• Lavender essential oil works for minor burns. It immediately takes the pain out of burns from bacon grease splatters, and it even worked when I hit my knuckle on the oven element last week.  I will always have a bottle in the kitchen cabinet.  Take that for what it’s worth.
    • Heartburn cure: 1 Tablespoon Apple Cider Vinegar and 1 teaspoon honey diluted with about half a cup of water. Chug it, shoot it, whatever you wanna call getting it down the guzzler. It is the only thing that has ever worked on me, and it cures in less than ten minutes.  Granted, I’ve only had heartburn four times in my life, but OHMYGOSH I would cut out my esophagus to alleviate that pain!  This worked every time, and it will forever be my remedy.
    • Allergy cure: take the heartburn remedy and add ¼ teaspoon cinnamon and 1/8 teaspoon turmeric. I usually hit this three times a day when I’m sniffling. This works on me, my husband and my son when the seasonal pollen count threatens to take us down.  My daughter won’t go near it, so we may never know if it works on her.  She’s good with a box of Kleenex, so we shrug and move on.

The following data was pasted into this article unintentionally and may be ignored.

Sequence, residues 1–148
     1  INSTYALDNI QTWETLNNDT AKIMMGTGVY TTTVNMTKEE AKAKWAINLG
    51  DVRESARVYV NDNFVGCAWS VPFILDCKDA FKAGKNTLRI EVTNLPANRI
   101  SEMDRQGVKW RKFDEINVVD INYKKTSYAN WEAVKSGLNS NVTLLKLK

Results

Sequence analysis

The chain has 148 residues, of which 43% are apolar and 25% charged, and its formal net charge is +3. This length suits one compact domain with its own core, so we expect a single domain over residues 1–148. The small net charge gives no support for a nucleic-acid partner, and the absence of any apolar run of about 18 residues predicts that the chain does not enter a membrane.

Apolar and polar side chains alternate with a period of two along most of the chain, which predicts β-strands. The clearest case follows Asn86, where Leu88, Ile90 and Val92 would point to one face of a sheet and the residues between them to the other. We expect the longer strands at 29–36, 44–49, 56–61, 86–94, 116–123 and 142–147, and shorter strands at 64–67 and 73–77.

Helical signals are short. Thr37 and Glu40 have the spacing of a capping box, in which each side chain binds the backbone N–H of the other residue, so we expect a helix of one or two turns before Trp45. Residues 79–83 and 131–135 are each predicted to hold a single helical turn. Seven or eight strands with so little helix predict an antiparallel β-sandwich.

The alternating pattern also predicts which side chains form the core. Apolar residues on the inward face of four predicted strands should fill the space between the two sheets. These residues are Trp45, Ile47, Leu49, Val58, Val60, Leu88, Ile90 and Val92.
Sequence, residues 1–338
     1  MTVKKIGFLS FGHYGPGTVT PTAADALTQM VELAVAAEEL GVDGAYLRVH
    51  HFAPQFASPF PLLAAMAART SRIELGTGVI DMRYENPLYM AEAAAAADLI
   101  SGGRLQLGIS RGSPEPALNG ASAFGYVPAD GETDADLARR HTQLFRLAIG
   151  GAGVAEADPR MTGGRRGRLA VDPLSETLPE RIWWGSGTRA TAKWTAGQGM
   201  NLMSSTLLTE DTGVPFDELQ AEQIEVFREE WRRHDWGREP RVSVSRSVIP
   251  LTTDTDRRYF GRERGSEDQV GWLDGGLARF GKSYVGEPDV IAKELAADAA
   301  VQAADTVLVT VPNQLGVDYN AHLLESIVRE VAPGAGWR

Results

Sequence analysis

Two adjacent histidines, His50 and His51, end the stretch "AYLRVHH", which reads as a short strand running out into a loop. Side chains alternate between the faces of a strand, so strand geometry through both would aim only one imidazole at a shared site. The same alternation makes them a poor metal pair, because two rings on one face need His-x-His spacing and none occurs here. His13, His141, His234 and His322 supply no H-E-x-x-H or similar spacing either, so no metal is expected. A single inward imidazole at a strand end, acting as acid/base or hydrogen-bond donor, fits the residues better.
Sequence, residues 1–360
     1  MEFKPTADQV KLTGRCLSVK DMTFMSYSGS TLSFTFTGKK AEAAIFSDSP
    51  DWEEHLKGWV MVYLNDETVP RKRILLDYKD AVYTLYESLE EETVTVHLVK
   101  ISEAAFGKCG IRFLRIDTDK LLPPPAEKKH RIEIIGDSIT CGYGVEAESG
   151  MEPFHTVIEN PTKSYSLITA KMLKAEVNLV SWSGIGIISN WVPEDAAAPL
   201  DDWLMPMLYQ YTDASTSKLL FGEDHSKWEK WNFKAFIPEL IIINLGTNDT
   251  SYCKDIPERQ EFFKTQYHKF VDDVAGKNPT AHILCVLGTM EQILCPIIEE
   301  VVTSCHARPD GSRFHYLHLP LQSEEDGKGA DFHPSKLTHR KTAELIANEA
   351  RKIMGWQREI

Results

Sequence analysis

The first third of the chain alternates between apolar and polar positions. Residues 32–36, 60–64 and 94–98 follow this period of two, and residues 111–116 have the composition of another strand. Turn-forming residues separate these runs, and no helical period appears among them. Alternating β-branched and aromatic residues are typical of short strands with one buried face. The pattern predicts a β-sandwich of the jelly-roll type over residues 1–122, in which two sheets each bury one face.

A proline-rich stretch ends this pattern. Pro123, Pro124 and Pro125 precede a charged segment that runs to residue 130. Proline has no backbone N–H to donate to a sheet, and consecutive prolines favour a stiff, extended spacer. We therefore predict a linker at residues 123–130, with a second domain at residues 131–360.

• BONUS cure: I don’t think this one is on the internet, maybe it is…I’ve never looked. My grandmother taught us this treatment for ant bites.  If you get attacked by ants, immediately grab handfuls of leaves from two totally different plants or trees (soft leaves work best) and pulverize them together in your hands. Rub – no, smear – them all over the ant bites until your skin is green from the chlorophyll.  This seems to take the sting out right away and keeps the pustules from forming. I’ve used this remedy for years.